What Happens If I Convert a Chapter 13 Bankruptcy to Chapter 7?
In a Chapter 13 bankruptcy, a debtor submits a payment plan to the court. This plan ensures the debtor’s disposable income is used to pay back his or creditors as much as possible. But what if circumstances change and the debtor no longer has sufficient income to fulfill the payment plan?
In such cases the debtor may seek to convert their bankruptcy from Chapter 13 to Chapter 7. A Chapter 7 bankruptcy involves a straightforward liquidation of the debtor’s non-exempt assets. There is no ongoing payment plan; any unsecured debt is effectively discharged.
Conversion Does Not Let Debtors Keep Home
One thing to keep in mind when converting is that any assets listed as part of the bankruptcy estate during the Chapter 13 case generally remains part of any subsequent Chapter 7 filing. This can be important when dealing with certain types of secured property, such as a house with a mortgage lien. Converting may affect a debtor’s ability to keep their home.
For example, an Orlando-area couple filed for Chapter 13 bankruptcy in 2010. They listed their home as an asset on their petition. A creditor held a secured mortgage lien of approximately $250,000 on the property.
A few months later the couple decided to convert their bankruptcy from Chapter 13 to Chapter 7. The bankruptcy court ultimately issued a Chapter 7 discharge. Such a discharge, however, does not eliminate a mortgage lien, only the debtor’s liability to pay the debt.
More important in this case, the debtors’ original Chapter 13 petition signaled their intent to “surrender” the property back to the creditor. The Chapter 13 petition made no mention of the home or the debtors’ prior statement regarding surrender. And after receiving their Chapter 7 discharge, they fought efforts to foreclose on the property.
Nearly five years later Fannie Mae, which held the mortgage, asked the bankruptcy court to order the debtors to surrender the property. The bankruptcy judge granted Fannie Mae’s request, and a U.S. district judge later upheld that decision over the objections of the debtors.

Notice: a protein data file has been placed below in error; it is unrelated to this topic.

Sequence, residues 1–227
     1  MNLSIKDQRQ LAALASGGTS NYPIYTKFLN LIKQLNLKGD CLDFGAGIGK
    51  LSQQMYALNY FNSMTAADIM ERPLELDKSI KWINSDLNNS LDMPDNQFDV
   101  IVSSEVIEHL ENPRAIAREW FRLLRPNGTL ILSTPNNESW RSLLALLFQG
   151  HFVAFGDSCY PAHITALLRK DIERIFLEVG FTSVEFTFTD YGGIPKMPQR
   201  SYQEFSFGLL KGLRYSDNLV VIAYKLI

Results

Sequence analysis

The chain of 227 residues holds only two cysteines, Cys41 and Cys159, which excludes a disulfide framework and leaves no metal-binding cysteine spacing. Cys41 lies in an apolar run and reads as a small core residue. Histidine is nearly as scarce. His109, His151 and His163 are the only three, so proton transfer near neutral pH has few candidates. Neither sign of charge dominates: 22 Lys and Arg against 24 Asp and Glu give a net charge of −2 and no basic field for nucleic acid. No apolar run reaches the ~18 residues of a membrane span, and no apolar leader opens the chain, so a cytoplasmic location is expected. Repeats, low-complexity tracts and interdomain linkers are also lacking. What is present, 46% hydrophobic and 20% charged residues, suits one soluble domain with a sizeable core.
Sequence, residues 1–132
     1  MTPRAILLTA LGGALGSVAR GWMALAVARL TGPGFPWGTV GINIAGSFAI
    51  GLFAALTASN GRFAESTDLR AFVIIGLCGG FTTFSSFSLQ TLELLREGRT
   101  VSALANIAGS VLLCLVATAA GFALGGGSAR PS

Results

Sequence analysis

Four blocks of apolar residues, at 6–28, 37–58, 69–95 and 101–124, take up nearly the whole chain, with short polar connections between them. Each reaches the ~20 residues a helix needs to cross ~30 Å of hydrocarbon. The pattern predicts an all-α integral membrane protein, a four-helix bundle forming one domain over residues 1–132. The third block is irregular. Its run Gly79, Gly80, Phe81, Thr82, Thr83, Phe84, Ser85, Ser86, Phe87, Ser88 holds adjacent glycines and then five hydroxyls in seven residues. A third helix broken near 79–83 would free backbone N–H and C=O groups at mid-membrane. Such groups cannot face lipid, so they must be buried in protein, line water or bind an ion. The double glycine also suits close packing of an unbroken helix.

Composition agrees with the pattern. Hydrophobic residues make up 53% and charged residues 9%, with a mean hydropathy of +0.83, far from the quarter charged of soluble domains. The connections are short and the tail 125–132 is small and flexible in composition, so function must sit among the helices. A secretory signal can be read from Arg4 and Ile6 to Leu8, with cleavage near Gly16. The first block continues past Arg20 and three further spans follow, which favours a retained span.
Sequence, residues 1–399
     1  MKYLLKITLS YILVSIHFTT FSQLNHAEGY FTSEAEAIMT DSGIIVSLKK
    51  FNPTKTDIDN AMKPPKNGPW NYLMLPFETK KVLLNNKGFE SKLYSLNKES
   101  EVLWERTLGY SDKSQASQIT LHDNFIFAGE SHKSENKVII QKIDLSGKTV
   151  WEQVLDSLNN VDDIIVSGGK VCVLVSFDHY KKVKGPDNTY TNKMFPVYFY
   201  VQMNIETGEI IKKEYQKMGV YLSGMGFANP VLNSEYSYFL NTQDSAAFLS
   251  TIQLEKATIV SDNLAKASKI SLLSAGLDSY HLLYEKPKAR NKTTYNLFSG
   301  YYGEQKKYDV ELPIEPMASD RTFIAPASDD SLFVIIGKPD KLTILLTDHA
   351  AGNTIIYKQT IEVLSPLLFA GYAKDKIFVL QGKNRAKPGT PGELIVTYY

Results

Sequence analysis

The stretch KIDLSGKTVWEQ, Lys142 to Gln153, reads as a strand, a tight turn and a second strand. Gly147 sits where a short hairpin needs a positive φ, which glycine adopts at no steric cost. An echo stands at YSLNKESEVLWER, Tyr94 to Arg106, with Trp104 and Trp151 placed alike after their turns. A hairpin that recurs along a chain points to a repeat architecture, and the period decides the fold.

Before the district judge, the debtors argued they never intended to surrender the property once they converted their bankruptcy from Chapter 13 to Chapter 7. But as the judge explained, “When a Chapter 13 case is converted to a Chapter 7 case, any schedules filed in the Chapter 13 case are deemed filed in the converted Chapter 7 case.” In the case of a property secured by mortgage, a debtor must file a statement at the time of conversion “indicating whether he intends to redeem the secured property, reaffirm the debt the property secures, or surrender the property.” The debtors never filed such a statement here–nor did they take any action to reaffirm their commitment to pay the mortgage–so the bankruptcy court properly ordered them to surrender their home, consistent with their original Chapter 7 filing.
A Miami Bankruptcy Attorney Can Help
Keeping a home is one of the main reasons people seek bankruptcy protection. But you should never assume filing for bankruptcy will automatically protect you from a mortgage lender with a valid lien on your property. If you need advice from an experienced Miami bankruptcy lawyer on how to file for Chapter 7 or Chapter 13, contact the Law Office of Julia Kefalinos, P.A., today.